Thursday, December 05, 2013

With friends like these...

I am indebted to a friend in UNISON for forwarding me the response to the Collins Review from the lobby group for insipid political careerist funded by Lord Sainsbury ("Progress").


I see that the Church of the Latter-Day Blairites are lauding UNISON's two section political fund model (without, it would appear, understanding it).

However, their real agenda (and hostility to collectivism) keeps showing. First, they propose that Labour should require that all unions establish two section political funds.

This is the arrogance which is familiar to those of us required to deal with Progress people, but is plainly calculated to antagonise and drive away trade union affiliates. The UNISON model was created to cater for very particular circumstances and may not appeal to all affiliates. Anyone who has read this blog over the years will have read many criticisms of the structure and use of UNISON's political fund.

Secondly, Progress want to prohibit members of other political parties from being members of "affiliated" funds. UNISON Labour Link retains (regrettably in my view) the "UNISON Berufsverbot" to prevent those who are not individual Party members from holding office within our APF - but we cannot ask our members what Parties they are members of!

Given that the author of anything published by Progress can be assumed to be a PPE graduate from Oxford whose parents can afford to support them as they work (unpaid) as a political intern I would hope that they know that trade unions cannot interrogate our members about their party affiliation except in tightly circumscribed circumstances. If they do, then they know that they are setting up conditions which cannot be met, which would only make sense if their long term aim were to dissolve the collective relationship between trade unions and the Labour Party.

The third - and most revealing - of the attacks upon trade unionism advanced by Progress is their demand for an end to the "block vote." They want trade union delegates to vote individually (in a secret ballot) - which would certainly prolong Conference debates (or, which may be the intention, ensure Conference has almost no time for debate).

The so-called "block vote" is simply the concrete expression of collective affiliation, which is the manifestation in the political sphere of the core trade union principle of collectivism.

It is true that the call for "collective responsibility" can be abused (and is sometimes within UNISON as I have often commented on this blog). The application of "collective responsibility" to the elected leadership of a trade union in relation to internal union affairs is, for example, an undemocratic perversion of collectivism.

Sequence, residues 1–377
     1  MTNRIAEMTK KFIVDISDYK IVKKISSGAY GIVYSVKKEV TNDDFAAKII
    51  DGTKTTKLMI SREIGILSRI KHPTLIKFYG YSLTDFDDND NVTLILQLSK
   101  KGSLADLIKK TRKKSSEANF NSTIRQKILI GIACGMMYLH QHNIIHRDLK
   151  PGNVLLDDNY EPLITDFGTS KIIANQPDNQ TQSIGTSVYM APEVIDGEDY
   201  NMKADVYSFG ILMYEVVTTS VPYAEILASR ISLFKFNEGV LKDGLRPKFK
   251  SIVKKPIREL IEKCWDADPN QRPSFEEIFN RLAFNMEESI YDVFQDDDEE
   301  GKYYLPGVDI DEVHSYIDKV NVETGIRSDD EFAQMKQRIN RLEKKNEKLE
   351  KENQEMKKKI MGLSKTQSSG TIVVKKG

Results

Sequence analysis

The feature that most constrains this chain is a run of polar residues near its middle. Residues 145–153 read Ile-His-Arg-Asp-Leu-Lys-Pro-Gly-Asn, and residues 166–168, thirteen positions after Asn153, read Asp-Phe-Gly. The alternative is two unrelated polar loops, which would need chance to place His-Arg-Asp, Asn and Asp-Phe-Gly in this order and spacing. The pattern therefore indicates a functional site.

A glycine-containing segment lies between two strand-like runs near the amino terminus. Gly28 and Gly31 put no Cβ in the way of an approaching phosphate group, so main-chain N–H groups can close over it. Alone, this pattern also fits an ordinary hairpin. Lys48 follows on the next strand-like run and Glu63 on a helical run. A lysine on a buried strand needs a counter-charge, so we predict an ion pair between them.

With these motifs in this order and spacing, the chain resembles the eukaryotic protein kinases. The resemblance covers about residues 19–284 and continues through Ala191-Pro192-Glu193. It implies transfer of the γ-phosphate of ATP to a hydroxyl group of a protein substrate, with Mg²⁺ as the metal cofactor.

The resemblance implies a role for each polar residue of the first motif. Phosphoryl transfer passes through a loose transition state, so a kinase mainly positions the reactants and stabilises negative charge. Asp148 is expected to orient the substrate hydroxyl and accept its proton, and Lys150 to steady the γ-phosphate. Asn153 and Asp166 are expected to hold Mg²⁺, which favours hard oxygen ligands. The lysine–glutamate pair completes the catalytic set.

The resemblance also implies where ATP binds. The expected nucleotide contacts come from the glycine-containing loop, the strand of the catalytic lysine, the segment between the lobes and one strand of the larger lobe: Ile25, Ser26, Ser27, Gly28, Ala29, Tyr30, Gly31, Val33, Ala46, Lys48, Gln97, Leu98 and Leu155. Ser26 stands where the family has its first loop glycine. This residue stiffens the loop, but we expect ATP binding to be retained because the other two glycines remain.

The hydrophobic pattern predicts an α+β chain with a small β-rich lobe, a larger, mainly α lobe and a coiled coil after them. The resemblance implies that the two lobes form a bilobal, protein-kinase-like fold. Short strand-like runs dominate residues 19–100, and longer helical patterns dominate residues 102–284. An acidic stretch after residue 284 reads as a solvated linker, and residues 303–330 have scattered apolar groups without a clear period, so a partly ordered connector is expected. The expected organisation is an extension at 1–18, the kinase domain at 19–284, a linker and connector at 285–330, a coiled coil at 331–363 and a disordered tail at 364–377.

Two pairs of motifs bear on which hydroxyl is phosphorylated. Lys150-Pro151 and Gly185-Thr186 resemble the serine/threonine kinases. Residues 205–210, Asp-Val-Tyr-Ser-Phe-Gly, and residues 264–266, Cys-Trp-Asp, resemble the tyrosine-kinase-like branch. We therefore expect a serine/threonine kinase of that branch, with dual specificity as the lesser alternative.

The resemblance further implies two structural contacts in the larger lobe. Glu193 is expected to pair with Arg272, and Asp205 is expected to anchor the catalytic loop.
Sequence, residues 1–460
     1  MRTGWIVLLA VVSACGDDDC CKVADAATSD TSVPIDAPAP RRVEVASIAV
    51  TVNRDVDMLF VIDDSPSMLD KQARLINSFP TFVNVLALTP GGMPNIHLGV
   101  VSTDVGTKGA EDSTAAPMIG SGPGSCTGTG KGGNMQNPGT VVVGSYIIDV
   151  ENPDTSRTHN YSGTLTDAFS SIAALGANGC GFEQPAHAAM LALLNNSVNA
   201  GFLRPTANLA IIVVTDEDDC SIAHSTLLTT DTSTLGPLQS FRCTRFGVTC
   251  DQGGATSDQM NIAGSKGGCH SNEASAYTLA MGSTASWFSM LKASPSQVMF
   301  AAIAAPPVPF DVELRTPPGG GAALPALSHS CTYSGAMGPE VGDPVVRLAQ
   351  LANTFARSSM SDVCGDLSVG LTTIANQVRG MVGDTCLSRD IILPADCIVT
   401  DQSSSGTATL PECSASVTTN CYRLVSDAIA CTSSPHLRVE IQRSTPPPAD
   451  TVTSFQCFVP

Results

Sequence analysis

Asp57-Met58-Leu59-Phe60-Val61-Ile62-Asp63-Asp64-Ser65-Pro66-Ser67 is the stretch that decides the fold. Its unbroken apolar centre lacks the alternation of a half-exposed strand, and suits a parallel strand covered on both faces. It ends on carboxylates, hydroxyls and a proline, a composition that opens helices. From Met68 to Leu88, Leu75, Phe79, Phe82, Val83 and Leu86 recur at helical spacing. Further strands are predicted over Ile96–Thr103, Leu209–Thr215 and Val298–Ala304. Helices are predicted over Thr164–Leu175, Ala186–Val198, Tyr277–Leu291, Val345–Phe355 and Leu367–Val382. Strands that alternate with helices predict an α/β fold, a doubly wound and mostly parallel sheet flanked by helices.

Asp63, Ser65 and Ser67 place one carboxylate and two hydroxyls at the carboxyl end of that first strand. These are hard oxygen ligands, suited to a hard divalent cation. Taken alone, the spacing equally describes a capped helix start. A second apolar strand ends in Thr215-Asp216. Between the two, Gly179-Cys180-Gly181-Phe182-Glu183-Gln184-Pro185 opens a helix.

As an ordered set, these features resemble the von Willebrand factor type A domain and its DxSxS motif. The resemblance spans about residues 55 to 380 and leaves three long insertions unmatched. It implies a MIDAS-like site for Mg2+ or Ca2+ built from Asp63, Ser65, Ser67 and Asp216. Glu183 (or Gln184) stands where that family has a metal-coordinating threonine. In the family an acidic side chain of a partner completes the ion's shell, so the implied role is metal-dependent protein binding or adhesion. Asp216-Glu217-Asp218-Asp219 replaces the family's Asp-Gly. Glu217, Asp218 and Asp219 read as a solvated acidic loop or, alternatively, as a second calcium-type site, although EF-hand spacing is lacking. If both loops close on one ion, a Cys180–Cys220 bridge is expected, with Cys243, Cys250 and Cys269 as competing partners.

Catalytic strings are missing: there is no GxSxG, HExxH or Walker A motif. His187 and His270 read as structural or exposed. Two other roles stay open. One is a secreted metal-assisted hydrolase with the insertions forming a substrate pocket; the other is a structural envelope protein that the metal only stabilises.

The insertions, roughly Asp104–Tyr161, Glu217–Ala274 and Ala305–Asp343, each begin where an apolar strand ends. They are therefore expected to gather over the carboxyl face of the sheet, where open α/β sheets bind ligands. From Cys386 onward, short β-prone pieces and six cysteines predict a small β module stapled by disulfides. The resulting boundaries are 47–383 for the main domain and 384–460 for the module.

However, the application of collective responsibility for the pursuit of the policies of a trade union by delegates representing the union (to, for example, the TUC, the Labour Party or a joint trade union side) is simply the proper and democratic application of collectivism.

Because Progress is an organisation created to promote the individual political careers of politicians who are fundamentally individualist rather than collectivist in outlook, they believe that the application of democratic collectivism is undemocratic. 

They believe that the unaccountable action of an individual delegate casting a secret ballot according to a personal whim is a more democratic way of representing the interests of working people than for elected delegates to abide by the policies agreed, through democratic structures, by those whom they represent.

But then, as their fervent support for "primaries" reveals, Progress are in the camp of those who want to make twenty first century politics in the image of the eighteenth and early nineteenth centuries free from the burden of parties in general, and of a working class party in particular.

As a UNISON member I already have enough enemies not to need friends like these.

1 comment:

James O. Gibson said...

There are dozens of these think tanks releasing reports and influencing politics. They're the equivalent to lobby groups, but better publicized.

It's interesting to hear you talk about working collectivity, as it's often these groups like Progress as you mention that love to compete against other think tanks in trying to influence policy.

What have these groups got to do with ordinary trade unionists and workers? Perhaps asking them would be a start?